Page 55 - South Mississippi Living - November, 2022
P. 55

   LEFT: Kendra Maness compares a bass she caught to a flounder caught by Jeff Bruhl while fishing the marshes of the Pearl River delta. RIGHT: In tidal waters like river deltas, anglers can catch salty and freshwater species at the same time in the same place. From left to right, a channel catfish, blue catfish, redfish, largemouth bass, speckled trout and a sheepshead.
In the fall, some of the best fishing occurs in rivers. Traditionally, rivers drop to their lowest and clearest water levels in the fall, concentrating fish in main channels.
South Mississippi anglers can choose from several streams that produce abundant bass. Pearl River flows out
of Winston County and meanders 490 miles to Lake Borgne, really a bay off the Gulf of Mexico. For 119 miles, the river forms the border between Louisiana and Mississippi.
The Pascagoula River runs about 80 miles through southeastern Mississippi. It drains about 9,700 square miles before hitting Mississippi Sound near the town of Pascagoula. The Escatawpa River empties into the lower Pascagoula.
“The Pascagoula River is really great for bass numbers, especially in the fall when the temperature gets a little cooler,” advised Stephen Brown, a Mississippi Department of Wildlife, Fisheries and Parks biologist in Hattiesburg. “Typically, the tributaries hold clearer water. That’s usually where people find the bass. The Escatawpa River is another good place
to look for bass. It has some really good spotted bass as well as largemouth.”
In South Mississippi, anglers might also fish the Jourdan, Wolf, Biloxi or Tchouta- cabouffa rivers and several smaller streams. All of these streams hold abun- dant largemouth bass in the 1- to 3-pound range with some in the 4- to 7-pound range and occasional larger ones.
As weather cools, many anglers enjoy the thrill of fishing with floating baits. A large bass exploding on a topwater lure can cause an adrenaline rush. Anything mim- icking a crippled baitfish could work.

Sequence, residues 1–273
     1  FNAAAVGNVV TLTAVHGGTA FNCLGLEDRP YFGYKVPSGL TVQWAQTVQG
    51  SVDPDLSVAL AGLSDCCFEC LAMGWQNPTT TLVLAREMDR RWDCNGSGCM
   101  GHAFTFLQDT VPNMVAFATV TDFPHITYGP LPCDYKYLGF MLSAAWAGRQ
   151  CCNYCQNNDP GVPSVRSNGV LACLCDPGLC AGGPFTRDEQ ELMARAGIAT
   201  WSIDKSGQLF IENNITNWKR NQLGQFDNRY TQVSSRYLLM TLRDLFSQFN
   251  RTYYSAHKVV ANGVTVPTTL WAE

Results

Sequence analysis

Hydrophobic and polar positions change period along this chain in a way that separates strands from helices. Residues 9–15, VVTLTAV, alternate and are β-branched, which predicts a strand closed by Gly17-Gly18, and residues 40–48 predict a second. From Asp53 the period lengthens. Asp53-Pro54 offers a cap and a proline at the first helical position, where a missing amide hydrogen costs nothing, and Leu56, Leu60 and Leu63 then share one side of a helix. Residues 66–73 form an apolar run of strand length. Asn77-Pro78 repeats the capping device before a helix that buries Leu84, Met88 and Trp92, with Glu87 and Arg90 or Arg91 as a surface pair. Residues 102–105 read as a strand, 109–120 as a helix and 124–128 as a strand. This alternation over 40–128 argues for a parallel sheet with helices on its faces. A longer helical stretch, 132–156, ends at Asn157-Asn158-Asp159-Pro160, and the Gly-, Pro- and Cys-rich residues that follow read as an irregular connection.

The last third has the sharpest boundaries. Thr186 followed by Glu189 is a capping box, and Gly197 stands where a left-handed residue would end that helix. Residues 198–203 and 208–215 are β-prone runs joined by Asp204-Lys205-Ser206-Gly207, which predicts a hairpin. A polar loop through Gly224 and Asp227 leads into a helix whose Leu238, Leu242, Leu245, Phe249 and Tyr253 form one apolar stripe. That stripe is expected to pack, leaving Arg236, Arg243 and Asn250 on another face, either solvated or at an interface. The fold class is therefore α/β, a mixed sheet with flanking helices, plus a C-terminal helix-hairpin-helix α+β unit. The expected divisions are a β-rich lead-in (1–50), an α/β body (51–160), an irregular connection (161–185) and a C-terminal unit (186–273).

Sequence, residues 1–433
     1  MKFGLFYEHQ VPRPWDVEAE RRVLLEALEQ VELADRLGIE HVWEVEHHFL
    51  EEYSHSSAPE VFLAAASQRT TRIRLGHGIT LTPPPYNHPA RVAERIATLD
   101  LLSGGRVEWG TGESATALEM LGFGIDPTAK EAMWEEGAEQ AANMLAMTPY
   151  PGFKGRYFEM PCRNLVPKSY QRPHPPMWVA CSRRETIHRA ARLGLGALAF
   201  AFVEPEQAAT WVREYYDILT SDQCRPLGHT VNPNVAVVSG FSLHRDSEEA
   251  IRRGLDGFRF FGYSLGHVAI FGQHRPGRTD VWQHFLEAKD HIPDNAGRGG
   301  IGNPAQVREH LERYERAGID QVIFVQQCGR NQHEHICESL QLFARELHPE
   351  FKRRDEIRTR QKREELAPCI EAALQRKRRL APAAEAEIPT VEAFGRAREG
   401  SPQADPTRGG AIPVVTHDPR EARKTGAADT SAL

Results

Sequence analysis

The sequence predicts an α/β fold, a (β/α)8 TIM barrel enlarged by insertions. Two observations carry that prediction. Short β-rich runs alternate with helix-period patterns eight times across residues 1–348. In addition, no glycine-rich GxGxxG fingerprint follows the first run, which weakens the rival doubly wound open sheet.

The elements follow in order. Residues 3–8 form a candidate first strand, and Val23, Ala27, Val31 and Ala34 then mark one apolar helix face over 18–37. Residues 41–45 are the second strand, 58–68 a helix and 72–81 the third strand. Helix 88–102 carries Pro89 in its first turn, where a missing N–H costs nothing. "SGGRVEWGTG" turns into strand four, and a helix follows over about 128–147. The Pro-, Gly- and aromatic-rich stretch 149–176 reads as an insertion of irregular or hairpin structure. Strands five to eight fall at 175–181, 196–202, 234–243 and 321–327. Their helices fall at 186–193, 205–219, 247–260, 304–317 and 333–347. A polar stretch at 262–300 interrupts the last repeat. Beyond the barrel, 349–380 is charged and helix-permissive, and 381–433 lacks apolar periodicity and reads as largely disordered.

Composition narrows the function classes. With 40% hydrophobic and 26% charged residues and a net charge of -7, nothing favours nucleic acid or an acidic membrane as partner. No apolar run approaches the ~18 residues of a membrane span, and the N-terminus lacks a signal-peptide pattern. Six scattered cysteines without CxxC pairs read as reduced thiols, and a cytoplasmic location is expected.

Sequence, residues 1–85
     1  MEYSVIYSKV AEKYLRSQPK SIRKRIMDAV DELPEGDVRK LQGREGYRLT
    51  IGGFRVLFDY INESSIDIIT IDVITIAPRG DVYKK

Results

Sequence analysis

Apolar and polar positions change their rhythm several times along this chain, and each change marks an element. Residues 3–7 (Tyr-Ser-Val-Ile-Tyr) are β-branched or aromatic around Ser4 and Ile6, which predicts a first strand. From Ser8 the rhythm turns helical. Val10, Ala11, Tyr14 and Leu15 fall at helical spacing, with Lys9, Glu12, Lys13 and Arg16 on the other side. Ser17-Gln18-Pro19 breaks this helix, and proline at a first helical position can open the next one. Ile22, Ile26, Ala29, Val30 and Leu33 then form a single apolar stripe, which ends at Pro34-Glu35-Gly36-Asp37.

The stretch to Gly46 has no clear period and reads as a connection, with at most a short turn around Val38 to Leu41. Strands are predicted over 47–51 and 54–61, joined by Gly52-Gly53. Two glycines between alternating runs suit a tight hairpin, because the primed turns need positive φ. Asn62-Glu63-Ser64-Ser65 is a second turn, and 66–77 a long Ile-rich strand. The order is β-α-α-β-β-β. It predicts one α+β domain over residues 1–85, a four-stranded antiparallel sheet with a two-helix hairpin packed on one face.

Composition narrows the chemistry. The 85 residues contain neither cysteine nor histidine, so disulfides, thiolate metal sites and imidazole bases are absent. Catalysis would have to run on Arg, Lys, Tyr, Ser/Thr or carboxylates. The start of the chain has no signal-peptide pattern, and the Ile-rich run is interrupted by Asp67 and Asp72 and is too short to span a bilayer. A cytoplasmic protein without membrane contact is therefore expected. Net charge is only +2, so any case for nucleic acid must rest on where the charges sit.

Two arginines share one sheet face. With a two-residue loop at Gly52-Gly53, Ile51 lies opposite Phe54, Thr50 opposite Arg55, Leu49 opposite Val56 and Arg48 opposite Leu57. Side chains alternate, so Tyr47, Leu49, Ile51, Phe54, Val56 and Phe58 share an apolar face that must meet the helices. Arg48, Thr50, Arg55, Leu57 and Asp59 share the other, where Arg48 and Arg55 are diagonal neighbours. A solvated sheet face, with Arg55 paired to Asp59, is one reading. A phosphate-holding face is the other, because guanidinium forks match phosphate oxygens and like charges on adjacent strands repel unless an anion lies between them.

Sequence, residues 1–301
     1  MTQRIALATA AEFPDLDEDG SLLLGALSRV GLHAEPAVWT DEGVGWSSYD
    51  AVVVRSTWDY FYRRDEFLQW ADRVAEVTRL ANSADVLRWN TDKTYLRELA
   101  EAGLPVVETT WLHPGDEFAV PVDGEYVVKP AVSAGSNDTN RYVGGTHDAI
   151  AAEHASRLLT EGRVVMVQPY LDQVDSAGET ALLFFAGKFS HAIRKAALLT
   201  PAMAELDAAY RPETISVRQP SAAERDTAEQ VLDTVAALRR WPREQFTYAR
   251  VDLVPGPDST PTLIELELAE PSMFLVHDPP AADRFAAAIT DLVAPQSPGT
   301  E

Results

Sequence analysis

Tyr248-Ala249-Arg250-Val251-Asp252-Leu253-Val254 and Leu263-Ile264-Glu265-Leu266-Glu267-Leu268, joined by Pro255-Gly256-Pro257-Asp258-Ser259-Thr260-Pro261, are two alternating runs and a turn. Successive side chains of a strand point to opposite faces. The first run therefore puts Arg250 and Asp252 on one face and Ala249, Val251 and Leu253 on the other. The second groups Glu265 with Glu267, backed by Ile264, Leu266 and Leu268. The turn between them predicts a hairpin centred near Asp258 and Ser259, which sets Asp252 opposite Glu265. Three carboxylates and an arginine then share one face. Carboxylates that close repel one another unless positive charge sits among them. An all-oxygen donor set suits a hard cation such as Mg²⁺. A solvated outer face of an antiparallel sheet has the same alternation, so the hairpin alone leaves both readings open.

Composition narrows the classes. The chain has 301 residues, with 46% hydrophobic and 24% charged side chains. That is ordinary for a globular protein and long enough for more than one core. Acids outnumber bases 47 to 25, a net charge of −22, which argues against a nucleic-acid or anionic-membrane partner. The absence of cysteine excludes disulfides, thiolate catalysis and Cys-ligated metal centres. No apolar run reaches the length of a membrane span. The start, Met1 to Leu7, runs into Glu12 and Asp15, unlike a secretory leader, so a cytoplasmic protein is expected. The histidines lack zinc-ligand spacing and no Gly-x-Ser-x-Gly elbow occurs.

River anglers generally follow shorelines throwing lures at fallen trees, cypress knees, stumps, weed beds and other struc- tures. Finding the right cover often means locating “sweet spots” that produce the most bass.
“A sweet spot is just something differ- ent,” explained Bill Dance, a legendary professional angler and television person- ality. “It could be a change in the bottom composition. It could be one object with
Keith Lott shows off a bass he caught on a spinnerbait while fishing a river system backwater on a cold day. Smaller tributaries often offer the best fishing in many rivers.
algae growing on it that attracts minnows. Little subtle changes could produce big results. Any type of transition could be a key spot.”
In marshy river deltas, anglers often catch a variety of fresh and saltwater species depending upon the salinity levels. Largemouth bass can handle some salin- ity. Redfish can live in pure fresh water, but they can’t reproduce in fresh water. Flounder sometimes show up in coastal rivers many miles north of Mississippi Sound. Anglers commonly catch bass, redfish, flounder, and possibly speckled trout in the same places with the same baits at the same time.
Where fresh river water mixes with salty water coming up from the Gulf of Mexi- co, both marine and freshwater predators feed upon a smorgasbord of prey from each world. Larger predators like bass and redfish regularly eat bluegills, min- nows, shad, pogies, crabs, shrimp, mullets, and many other species. A falling tide pulls bass and baitfish from the tributaries into the main channels. Bass, redfish, and other species frequently lurk at the mouth of small tributaries waiting for the tide to bring them something to eat.
Bass that live in tidal systems seldom reach gigantic proportions like their cousins might in a place like Ross Barnett Reservoir, but they make up for it with their aggressive, pugnacious nature. Even small bass used to fighting currents and tides can put up a sporting fight on light tackle!
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